October 08, 2008

News - Goat birth control in Kenya

An interesting article:

Goat 'condoms' save Kenyan herds
By Ruth Nesoba
BBC News, Nairobi

*Maasai herdsmen in Kenya have turned to an age-old
contraceptive device, the "olor", to protect their
precious goat herds from an ongoing drought. *

The olor is made from cowhide or a square piece of
plastic, and is tied around the belly of the male goat.

It prevents the bucks from mating with the female goats.

The herdsmen are using the device to limit the goat
population and ensure there are not too many animals
grazing on sparse vegetation.

"We don't want them to breed in this drought," says Mr Ole
Ngoshoi Kipameto, a goat owner in Kajiado district.

* Vital assets *

The area, which is 80km (50 miles) from the capital,
Nairobi, has received insufficient rainfall, making the
landscape barren and forcing residents to move from place
to place in search of pasture and water.

In the Maasai community, livestock are often people's only
assets and sole means of survival.

"We tie this hide under the belly of the buck for three
months. After that we remove it and then they can breed by
November when the short rains come," Mr Kipameto says.

The rectangular piece of cowhide is passed over the buck's
head and front legs and secured under the belly in front
of the hind legs with a rope or elastic strap.

"It looks like an apron," Mr Kipameto says.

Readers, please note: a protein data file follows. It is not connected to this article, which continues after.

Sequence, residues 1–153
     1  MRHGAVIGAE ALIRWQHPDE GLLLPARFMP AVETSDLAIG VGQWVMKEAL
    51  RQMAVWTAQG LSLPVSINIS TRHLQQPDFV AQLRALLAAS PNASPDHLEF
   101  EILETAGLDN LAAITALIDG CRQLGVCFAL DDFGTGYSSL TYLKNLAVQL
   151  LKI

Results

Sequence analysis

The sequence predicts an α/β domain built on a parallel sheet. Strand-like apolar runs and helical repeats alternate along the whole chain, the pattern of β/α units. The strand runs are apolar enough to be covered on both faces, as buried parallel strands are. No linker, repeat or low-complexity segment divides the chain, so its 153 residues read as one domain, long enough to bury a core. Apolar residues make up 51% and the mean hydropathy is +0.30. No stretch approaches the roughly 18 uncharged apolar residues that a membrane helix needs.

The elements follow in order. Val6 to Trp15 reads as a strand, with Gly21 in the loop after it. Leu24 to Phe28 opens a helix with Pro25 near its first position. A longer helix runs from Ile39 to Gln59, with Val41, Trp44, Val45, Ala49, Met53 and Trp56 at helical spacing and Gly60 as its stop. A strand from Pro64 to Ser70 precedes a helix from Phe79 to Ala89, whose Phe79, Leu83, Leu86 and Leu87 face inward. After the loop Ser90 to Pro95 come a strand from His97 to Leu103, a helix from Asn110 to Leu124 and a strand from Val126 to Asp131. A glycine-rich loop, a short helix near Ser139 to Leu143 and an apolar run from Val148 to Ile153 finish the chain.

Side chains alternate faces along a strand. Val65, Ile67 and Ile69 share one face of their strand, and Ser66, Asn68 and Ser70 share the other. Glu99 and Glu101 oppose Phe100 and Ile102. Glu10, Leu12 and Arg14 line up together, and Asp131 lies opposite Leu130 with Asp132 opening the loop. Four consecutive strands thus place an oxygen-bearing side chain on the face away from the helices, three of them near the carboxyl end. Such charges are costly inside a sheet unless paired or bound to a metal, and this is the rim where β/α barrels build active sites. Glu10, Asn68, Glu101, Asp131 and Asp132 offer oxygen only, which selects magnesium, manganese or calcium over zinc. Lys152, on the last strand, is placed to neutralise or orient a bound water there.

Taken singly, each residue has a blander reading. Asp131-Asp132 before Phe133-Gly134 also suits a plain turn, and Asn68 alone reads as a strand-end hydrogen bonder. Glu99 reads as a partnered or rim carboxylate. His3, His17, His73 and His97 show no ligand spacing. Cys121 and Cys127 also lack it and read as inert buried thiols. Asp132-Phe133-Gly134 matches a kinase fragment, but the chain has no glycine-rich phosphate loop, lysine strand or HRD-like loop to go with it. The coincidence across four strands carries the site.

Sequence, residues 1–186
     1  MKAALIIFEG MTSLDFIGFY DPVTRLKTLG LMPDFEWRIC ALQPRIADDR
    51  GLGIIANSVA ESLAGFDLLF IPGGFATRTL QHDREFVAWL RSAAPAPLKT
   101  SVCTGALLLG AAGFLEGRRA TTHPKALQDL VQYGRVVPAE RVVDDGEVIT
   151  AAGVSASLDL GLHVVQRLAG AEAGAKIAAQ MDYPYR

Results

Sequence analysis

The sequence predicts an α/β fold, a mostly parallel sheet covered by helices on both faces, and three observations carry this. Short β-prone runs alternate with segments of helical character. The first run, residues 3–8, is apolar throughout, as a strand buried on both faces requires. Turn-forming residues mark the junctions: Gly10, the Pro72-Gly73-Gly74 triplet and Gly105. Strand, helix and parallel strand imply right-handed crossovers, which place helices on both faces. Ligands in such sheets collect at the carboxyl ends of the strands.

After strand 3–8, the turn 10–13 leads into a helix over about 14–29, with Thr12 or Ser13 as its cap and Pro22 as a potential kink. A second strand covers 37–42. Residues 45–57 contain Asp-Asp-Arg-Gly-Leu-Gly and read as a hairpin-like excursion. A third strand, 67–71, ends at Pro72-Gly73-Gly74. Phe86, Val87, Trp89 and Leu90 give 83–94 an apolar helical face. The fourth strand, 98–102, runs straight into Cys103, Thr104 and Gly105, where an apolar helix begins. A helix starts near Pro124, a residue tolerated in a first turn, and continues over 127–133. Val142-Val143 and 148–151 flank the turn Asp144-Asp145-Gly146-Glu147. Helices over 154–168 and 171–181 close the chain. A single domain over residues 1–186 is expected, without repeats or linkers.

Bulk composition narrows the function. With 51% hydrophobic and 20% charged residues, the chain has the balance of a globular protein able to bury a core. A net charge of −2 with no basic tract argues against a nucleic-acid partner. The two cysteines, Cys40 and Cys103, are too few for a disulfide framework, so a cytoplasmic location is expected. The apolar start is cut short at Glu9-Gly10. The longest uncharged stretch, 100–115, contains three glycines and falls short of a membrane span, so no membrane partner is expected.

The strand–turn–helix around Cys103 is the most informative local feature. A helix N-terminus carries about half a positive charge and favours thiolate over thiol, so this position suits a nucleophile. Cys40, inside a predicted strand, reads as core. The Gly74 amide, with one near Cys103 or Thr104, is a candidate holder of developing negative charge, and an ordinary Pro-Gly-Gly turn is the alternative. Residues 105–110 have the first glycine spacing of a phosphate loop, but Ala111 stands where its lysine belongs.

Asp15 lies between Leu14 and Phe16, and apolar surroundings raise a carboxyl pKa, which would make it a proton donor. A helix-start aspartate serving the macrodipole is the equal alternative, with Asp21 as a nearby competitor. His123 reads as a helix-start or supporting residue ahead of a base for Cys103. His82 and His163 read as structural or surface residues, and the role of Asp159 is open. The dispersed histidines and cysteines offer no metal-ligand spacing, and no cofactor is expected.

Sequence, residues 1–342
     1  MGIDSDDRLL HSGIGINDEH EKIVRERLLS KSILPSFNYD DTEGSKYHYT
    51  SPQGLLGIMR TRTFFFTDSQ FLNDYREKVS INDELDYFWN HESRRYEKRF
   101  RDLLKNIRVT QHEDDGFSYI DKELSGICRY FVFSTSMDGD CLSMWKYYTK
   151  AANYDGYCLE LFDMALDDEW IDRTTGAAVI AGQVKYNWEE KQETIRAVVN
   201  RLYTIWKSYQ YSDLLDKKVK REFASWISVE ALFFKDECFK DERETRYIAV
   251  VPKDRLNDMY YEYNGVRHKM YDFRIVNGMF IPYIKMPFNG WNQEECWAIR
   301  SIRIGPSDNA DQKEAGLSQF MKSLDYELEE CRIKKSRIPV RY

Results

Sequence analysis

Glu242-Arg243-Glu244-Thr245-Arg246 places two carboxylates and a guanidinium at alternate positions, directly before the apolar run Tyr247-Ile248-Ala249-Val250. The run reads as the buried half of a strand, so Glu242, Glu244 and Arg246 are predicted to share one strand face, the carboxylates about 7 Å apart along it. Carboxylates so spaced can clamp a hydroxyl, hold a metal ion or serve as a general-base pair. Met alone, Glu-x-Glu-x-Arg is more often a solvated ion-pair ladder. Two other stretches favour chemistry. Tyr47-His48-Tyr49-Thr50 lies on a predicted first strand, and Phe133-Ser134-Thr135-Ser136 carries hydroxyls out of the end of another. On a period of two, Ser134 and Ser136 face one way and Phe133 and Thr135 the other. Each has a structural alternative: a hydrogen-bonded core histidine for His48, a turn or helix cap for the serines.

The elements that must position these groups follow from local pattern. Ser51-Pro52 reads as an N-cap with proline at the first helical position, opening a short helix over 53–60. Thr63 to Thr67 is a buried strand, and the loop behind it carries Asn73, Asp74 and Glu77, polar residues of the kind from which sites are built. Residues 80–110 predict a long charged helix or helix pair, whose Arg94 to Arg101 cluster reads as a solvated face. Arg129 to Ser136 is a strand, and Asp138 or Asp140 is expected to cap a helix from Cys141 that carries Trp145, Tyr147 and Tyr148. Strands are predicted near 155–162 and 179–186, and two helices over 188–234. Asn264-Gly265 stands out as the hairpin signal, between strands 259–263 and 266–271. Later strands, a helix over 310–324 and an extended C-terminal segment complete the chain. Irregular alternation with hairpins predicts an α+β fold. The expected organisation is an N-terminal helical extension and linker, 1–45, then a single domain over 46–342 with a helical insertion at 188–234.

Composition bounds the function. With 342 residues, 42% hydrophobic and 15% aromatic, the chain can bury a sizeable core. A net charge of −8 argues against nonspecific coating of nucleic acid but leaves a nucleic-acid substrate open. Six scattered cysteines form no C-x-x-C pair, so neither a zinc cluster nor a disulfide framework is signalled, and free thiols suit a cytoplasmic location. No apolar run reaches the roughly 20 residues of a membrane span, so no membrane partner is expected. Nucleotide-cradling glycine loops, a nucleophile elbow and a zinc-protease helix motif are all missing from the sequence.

Peter Ndirangu, the area livestock officer, says the olor
is very effective.

"In the modern method, we advocate keeping the bucks
separate from the breeding goats. But that is an added
cost as you require two herdsmen - one for the bucks and
one for the goats," he says.

"This [device] will play the part of a herdsman."

He says the device is very useful in keeping the herd
numbers down and controlling when the goats give birth.

"If they give birth during harsh conditions like now, the
mothers - the does - are going to be very weak, they're
not going to feed their young ones properly," he says.

The device helps the herdsmen to restrict kidding to the
period during and after the rains.

If the rains fall in October and November, the dry
landscape will turn green again and the herdsmen will be
able to settle with their livestock.

Until then, the herdsmen will have to employ the olor to
protect their livestock and livelihood safe.

Those who do not use it could face a hefty fine if their
bucks are found guilty of impregnating another herder's
doe.

Story from BBC NEWS:
http://news.bbc.co.uk/go/pr/fr/-/2/hi/africa/7648860.stm



Published: 2008/10/06 00:44:51 GMT